Kid Food: What to Prepare When American Children Get the ‘Munchies’

Toni Hargis

Toni Hargis

Toni Summers Hargis is a Brit who has lived in the USA since 1990. She currently lives in Chicago with her husband and children and writes about US/UK matters when not putting out domestic fires. Toni blogs as Expat Mum and is the author of Rules, Britannia - An Insider's Guide to Life in the United Kingdom, (St. Martin's Press). She has made frequent appearances on radio and TV explaining British things to Americans.

See more posts by Toni Hargis
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  • Ken Byrd

    Well, now you know an American who loves Marmite: this guy. I always keep a jar of it in the cupboard for spreading on toast with butter.

    • Benighted

      My friends send me Marmite from England since I can’t get it here any more. One Christmas my Mum sent a particularly huge jar and it was the first time my boyfriend had seen it. He opened it while I was at work thinking it was some kind of chocolate spread, and shoved a huge tablespoon full of it in his mouth. That was the last time he opened any of my care packages without my permission bwaa haa haa

  • dw

    Putting “salad cream” on everything. (I speak from first-hand experience of touring Britain with a group of Americans — it makes no sense to me either — disgusting stuff).

    By the way, the British way of holding a fork is very efficient when used in conjunction with a knife.

    • MontanaRed

      Is that any worse than putting catsup/ketchup on everything/

      • dw

        That, at least, is usually optional. I’ve been in British restaurants where the food came out of the kitchen already doused in goop.

        • Claire

          I am a Brit and I have never been presented any food with salad cream on. Only exception being when I have asked for it on a salad sandwich.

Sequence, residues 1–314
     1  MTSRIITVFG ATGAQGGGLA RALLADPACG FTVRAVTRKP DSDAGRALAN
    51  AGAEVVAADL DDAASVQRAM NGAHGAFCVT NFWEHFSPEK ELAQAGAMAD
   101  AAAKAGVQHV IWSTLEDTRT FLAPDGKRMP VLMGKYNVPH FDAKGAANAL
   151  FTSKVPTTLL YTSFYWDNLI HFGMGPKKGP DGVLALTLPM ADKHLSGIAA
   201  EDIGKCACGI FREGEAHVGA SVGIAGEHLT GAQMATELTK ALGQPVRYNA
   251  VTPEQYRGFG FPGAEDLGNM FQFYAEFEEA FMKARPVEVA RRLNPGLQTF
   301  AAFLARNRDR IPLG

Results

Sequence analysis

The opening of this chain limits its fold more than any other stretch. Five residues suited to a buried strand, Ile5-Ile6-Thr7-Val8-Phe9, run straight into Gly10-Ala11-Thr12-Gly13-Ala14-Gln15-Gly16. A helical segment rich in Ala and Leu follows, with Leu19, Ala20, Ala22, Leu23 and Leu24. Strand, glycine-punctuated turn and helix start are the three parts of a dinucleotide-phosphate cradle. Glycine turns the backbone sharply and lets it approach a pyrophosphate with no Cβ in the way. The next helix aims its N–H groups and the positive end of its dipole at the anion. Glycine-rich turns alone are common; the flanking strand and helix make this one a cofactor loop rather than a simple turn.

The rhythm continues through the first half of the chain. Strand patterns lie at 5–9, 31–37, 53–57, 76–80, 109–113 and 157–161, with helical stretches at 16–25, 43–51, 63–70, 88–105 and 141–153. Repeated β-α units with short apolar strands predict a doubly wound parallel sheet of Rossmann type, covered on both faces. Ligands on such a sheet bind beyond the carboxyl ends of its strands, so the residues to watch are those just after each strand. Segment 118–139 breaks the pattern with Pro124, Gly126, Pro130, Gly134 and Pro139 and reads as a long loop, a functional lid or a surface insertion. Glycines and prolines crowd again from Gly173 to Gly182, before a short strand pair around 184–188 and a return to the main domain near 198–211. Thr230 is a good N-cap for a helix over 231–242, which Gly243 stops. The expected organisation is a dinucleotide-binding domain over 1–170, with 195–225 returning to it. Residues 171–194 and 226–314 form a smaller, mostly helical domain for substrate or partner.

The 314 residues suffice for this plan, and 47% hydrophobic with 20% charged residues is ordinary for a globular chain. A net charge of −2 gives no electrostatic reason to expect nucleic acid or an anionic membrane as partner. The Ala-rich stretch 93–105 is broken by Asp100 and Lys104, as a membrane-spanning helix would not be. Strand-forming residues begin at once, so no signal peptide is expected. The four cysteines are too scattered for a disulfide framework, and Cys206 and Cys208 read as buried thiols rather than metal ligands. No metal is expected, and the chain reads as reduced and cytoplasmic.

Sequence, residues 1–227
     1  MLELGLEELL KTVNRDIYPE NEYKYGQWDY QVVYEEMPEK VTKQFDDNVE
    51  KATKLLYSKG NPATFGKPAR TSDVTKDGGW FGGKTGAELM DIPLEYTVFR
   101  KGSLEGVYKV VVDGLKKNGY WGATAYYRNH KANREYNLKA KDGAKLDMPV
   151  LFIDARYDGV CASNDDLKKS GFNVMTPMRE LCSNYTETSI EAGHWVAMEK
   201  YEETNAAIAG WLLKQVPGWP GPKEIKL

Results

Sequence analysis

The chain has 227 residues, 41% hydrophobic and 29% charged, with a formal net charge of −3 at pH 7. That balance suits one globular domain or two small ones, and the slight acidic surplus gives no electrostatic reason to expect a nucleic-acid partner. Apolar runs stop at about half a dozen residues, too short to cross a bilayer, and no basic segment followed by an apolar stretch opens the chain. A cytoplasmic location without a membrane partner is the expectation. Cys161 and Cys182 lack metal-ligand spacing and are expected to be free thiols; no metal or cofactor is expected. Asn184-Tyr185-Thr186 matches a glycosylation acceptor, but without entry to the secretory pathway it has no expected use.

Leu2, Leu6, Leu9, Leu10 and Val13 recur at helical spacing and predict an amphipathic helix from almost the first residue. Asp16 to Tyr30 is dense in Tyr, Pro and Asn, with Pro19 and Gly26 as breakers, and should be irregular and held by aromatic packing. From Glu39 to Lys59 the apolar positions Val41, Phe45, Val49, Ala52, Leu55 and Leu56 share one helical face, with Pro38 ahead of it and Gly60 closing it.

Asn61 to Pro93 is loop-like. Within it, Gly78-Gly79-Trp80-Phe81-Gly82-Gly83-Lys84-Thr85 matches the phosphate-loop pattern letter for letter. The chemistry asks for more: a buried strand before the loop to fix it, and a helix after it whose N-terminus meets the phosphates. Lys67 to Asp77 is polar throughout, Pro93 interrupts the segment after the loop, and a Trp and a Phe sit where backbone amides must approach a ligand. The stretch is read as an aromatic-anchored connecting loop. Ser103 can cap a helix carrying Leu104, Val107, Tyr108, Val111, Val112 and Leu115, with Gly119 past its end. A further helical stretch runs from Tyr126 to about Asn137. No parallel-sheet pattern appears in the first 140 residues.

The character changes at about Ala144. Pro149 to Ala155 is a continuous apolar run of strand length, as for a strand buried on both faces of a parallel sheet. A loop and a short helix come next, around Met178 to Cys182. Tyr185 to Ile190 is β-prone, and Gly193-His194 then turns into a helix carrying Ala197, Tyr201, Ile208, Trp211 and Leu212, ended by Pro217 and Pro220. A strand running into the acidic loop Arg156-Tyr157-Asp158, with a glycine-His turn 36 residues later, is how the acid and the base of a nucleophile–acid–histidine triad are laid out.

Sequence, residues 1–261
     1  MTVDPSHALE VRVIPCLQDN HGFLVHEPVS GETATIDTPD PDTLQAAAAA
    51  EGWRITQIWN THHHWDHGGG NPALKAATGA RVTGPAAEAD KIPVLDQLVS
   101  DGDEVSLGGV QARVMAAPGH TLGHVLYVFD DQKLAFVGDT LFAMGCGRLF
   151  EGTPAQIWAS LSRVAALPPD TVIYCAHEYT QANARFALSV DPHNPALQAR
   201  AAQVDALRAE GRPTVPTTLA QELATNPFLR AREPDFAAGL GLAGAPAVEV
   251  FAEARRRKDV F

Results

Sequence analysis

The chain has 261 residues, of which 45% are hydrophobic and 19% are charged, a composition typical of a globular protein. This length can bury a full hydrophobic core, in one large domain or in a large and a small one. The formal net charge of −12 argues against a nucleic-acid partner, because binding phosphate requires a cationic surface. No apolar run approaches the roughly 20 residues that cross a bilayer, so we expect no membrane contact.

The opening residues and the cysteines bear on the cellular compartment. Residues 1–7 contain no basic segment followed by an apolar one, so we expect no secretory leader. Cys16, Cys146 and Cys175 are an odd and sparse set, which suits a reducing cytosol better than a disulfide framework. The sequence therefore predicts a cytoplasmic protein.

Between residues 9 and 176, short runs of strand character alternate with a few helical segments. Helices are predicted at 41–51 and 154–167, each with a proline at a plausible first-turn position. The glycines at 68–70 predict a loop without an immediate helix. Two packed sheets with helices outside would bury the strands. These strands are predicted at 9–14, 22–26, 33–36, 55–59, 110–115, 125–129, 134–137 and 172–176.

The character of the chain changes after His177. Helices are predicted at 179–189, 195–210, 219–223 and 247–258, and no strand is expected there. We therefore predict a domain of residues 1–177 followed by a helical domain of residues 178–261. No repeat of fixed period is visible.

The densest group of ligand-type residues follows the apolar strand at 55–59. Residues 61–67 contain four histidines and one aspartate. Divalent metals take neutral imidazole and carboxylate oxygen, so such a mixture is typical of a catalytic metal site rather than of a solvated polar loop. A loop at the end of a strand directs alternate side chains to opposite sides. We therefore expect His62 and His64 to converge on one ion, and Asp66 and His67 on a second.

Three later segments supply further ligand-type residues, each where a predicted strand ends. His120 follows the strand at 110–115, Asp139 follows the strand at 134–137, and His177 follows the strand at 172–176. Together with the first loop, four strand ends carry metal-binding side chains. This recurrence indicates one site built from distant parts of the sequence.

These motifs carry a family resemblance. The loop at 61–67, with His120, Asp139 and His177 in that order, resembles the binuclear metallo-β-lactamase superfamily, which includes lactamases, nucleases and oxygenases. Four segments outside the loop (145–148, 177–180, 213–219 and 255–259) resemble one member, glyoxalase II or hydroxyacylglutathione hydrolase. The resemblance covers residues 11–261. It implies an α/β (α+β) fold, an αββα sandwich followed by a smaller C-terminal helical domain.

• Merry Bond

      What is the difference between salad cream and salad dressing?

      • Benighted

        Salad Cream is a specific dressing. It’s about the consistency of ranch dressing but tastes more like a slightly tangier Miracle Whip, It doesn’t come in different flavors like salad dressing does.

  • Tara

    All of the puddings confuse me. In America, there’s basically one type of pudding, which is a sweet desert. Like, seriously, what is Yorkshire pudding?! It looks like a bread roll, and tastes yummy, but my brain cannot reconcile that it’s called “pudding”.

    • http://americaletter.blogspot.com/ Mark Smith

      See also Suet Pudding. On top of that, pudding is a generic term for dessert, also “afters” and “sweet” are used.

    • MontanaRed

      Yorkshire pudding…YUM! My mom used to make it. Now I have to eat gluten-free and can’t have it. :-(

    • Jwb52z

      For those outside the US, people should probably say something like “Jello Pudding” because pudding in the US is a thick substance almost like pie filling.

      • LMJ

        Sometimes it *is* pie filling. Graham cracker crust and whipped cream? Mmm!

      • Merry Bond

        Ah, much more apt description! Thanks!

    • Aurelas

      I did not know about the butter thing until I was fortunate enough to visit England and purchased a sandwich. It took me a while to figure out what the substance smeared so liberally on the bread was! But once I took a bite I was in love. I cannot imagine putting butter and peanut butter together but it doesn’t sound half as gross as many of the sandwiches I have seen eaten here. Pineapple and mayonnaise sandwiches, fried peanut butter and banana sandwiches, etc. I don’t even like peanut butter and jelly sandwiches!